Roof control violations to Rhino following Utah fatality

AN inadequate roof control plan played a role in the March death of a continuous mining machine operator in central Utah, says the US Mine Safety and Health Administration.

Donna Schmidt

Elam Jones, 29, was killed the afternoon of March 22 at Rhino’s Castle Valley No. 4 operation in Huntington, Emery County, when a portion of the mine roof fell during retreat mining in the fifth Left C panel as he was operating a CM with a remote control.

In its final investigation report issued Monday, the agency detailed the incident.

“The victim and the continuous mining machine helper were positioned along the right side of the continuous mining machine,” he said.

“They were taking the second left-hand pillar-lift from the No. 3 entry between the No. 16 and No. 17 crosscuts when they were struck by a section of fallen mine roof measuring approximately 7-8 feet in width by 16ft in length and from 16 to 20 inches in thickness, with an estimated weight of nearly 7 tons.”

Investigators estimated that the entire section of roof material that fell was approximately 20ft long by 25ft wide.

A review of the mine’s roof control plan and scene underground uncovered various issues with hazardous conditions.

“It should have been apparent to the mine operator that the site-specific roof control plan for retreat mining in 5th Left C pillar panel was not adequate for the hazardous conditions that were being encountered,” the agency said in one portion of the report.

“The operator was aware of worsening conditions, but elected to continue mining.”

MSHA concluded in its investigation that the mine’s approved roof control plan was not adequate for the conditions encountered.

“This fatal accident occurred when several bolts broke and allowed a slab of the roof to fall,” it said.

“The roof support system was inadequate for the large spans that had developed. The roof bolts and position of the MRS units were inadequate in supporting the immediate roof where the miners were working.”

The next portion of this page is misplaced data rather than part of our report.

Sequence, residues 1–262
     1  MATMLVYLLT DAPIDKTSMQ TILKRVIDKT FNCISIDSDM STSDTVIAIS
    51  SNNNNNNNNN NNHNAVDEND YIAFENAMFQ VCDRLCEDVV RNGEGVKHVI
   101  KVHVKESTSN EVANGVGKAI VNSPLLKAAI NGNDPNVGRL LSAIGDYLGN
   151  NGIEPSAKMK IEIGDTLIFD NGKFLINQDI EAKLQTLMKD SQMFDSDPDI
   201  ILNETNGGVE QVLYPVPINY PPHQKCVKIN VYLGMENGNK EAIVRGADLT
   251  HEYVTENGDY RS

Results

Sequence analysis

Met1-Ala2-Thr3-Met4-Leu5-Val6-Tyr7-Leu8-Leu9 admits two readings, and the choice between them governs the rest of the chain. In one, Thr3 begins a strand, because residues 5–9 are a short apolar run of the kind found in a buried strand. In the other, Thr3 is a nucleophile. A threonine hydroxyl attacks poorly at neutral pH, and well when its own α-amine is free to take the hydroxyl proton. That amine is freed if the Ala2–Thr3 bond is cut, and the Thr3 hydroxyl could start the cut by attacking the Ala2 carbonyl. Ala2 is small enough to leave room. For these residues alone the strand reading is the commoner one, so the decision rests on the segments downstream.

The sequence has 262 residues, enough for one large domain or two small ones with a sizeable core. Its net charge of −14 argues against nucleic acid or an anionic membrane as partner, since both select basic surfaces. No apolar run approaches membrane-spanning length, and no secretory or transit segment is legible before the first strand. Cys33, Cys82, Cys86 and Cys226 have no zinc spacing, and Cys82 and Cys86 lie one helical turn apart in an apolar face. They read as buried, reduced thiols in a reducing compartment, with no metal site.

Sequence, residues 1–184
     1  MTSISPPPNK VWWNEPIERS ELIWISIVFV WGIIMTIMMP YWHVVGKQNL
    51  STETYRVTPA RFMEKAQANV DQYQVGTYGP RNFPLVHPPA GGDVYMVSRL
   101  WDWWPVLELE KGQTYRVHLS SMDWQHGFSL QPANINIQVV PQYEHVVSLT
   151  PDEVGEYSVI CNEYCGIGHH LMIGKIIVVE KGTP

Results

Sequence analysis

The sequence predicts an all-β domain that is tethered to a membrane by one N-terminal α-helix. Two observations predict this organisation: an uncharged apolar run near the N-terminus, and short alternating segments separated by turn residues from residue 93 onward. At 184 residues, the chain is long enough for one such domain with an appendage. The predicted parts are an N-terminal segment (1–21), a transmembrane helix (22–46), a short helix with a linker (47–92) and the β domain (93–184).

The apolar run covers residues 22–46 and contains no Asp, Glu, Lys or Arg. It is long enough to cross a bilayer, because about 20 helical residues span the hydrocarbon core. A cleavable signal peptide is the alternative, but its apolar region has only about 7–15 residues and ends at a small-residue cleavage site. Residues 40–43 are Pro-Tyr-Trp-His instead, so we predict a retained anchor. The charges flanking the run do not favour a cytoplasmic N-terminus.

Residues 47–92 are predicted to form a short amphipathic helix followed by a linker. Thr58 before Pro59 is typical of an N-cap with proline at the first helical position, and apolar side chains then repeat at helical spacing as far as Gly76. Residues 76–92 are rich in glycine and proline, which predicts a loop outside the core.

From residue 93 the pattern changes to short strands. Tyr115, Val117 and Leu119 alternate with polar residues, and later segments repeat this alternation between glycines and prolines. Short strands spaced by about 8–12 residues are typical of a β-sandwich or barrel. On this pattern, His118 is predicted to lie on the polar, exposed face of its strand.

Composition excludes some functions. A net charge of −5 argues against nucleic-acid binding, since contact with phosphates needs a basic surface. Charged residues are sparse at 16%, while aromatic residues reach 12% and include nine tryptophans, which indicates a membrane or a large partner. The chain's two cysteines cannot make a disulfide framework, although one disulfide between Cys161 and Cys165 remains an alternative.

To rectify the issue, the agency ordered the operator to submit a revision to the approved plan to narrow the maximum width of the entry to 18ft instead of 20ft; to install bolt rows on 4ft centers and closer spacing between bolts in the row; and to reduce the pillar cut width from 20ft to a maximum of 15ft.

MSHA has since approved this revision, and Rhino has trained all miners in these changes.

The proposed revision to the approved roof control plan also requires supplemental support installed on-cycle where rib sloughing is anticipated, to control excessive spans of roof, and will show more detail in the diagrams with closer tolerances for the placement and location of the MRS units in relation to the pillar lifts.

MSHA issued a 104(d)(1) citation to Castle Valley Mining for a violation of 30 CFR Section 75.223(a)(1) for the inadequate RCP.

It also handed down a 104(a) citation to the operator for a violation of 30 CFR Section75.220(a)(1).

“The mobile roof support (MRS) machines were too far from the continuous mining machine in the # 3 entry,” investigators said.

“The distance was 24 feet from the beginning of the lift to the MRS…the mining diagrams in the approved plan required that the MRS be positioned just inby the 20ft wide lift being cut.”

Castle Valley Mine #4 produces approximately 1,200 raw tons daily from the Tank coal seam, which averages 101in in height.

The mine employs 102 persons underground and 23 persons on the surface.

MSHA’s regular safety and health inspection was ongoing at the time of the accident.

Castle Valley’s Non-Fatal Days Lost (NFDL) injury incidence rate in 2012 was 1.39, versus the national NFDL rate of 3.25.

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